Anyway, my point was not so much to debate the merits of fine-tuning arguments as arguments for the existence of an intelligent creator, but rather to argue against the merits of this NFL argument as a fine-tuning argument. That is, I claim it's an extremely weak fine-tuning argument. I claim that the fact that the universe has regular physical laws at all is enough "tuning" to satisfy the NFL argument, whereas normally fine-tuning arguments claim that, as you say, the charge of the electron and other phsyical constants are just right.

Let's compare two arguments. First,
1. Life requires some sort of regular physical laws.
2. Any sort of regular physical laws require an intelligent creator.
3. We have life.
4. Therefore, we have an intelligent creator.

Second,
1. Life requires very specific physical laws.
2. Very specific physical laws require an intelligent creator.
3. We have life.
4. Therefore, we have an intelligent creator.

In the first argument, you can eliminate step 1 and replace step 3 with "We have some sort of regular physical laws", because no one is actually going to dispute that.

If you try that in the second argument, people will ask what you mean by "very specific" physical laws, so you have to keep the whole argument because the part about the laws being very specific for life is crucial.

I claim the NFL argument is just step 1 in the first argument, and thus superfluous.

Of course it's in some sense relevant to the origin of life that there are regular physical laws, but I think you know what I meant is that, as scientific theories proper, it's not relevant to biological evolution or the origin of life why the laws of physics are the way they are.

Now, you probably correctly guess I also disagree about the merits of the fine-tuning argument more generally. This is in part because it's acceptable to me to say I simply don't know why we have regular laws of physics, let alone what probability distribution they were selected from in the context of a fine-tuning argument (or whether selecting them from a probability distribution even makes sense).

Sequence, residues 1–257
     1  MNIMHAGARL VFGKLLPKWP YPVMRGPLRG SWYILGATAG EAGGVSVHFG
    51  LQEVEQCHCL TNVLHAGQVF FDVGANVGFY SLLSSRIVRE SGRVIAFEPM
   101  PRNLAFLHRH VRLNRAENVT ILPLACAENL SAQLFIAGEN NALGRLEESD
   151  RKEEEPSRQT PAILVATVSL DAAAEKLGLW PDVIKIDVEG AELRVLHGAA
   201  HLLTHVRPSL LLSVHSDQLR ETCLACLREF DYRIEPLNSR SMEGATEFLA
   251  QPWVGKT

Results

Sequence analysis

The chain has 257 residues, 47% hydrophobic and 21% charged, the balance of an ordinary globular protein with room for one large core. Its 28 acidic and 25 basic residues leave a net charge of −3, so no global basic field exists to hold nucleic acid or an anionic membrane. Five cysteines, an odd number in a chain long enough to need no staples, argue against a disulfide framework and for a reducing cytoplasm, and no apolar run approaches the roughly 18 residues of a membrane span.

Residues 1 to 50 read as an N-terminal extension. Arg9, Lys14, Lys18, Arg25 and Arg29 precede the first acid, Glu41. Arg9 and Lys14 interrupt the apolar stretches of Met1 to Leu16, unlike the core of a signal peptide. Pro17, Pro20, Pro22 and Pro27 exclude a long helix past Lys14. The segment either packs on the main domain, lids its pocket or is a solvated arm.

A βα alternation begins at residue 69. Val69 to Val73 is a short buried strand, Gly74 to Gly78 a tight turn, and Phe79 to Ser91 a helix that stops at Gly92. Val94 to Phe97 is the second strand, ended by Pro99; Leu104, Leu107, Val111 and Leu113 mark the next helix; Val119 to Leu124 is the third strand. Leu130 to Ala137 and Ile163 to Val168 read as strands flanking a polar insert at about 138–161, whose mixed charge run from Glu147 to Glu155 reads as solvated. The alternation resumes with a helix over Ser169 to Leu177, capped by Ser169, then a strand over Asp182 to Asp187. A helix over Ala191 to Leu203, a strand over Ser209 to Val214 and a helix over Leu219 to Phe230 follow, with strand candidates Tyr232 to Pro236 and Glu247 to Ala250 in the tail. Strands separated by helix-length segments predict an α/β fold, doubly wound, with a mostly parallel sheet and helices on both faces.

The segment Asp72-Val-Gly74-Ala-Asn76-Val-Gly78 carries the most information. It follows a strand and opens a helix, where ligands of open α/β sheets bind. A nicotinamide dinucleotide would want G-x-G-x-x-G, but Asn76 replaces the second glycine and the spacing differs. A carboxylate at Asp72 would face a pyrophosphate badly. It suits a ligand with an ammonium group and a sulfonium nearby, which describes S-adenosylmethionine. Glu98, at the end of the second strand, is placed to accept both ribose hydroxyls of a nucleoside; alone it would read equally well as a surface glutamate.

4. Because the spikes are very high compared to the surrounding landscape, the winner will be the algorithm that hits the best spike. Because the hill-descending algorithm will move toward the best spikes and the hill-climbing algorithm will move away from them, the former will do better.

I realize it must be something like this, but I still don't see how it works. Is the landscape continuous? Because if so, how does the hill-descending algorithm ever get going up the huge spike? Wouldn't it turn around after the first step up the huge spike?

So I'm imagining that there is some deal where there are landscapes where the big spikes are so incredibly steep that the algorithm "accidentally" goes 100 ft up, even though that is just one step on this spike, and then turns around. And then somehow there is no reason to expect the hill ascending one to do better than 100 ft.

Is that basically right? I realize I'm hand-waving about the exact formulation but I'm just trying to understand why a hill-descending algorithm benefits from huge spikes.

5. Jared,

Also, is there some trick where the domain of possible landscapes is infinite (or maybe even a continuum)? Because even though I understand how there could be one landscape where the hill-descending does better, it still seems like there ought to be "so many more" where this isn't true.

But is that like saying there should be twice as many integers as there are odd integers?

6. Jared,

I claim that the fact that the universe has regular physical laws at all is enough "tuning" to satisfy the NFL argument, whereas normally fine-tuning arguments claim that, as you say, the charge of the electron and other phsyical constants are just right.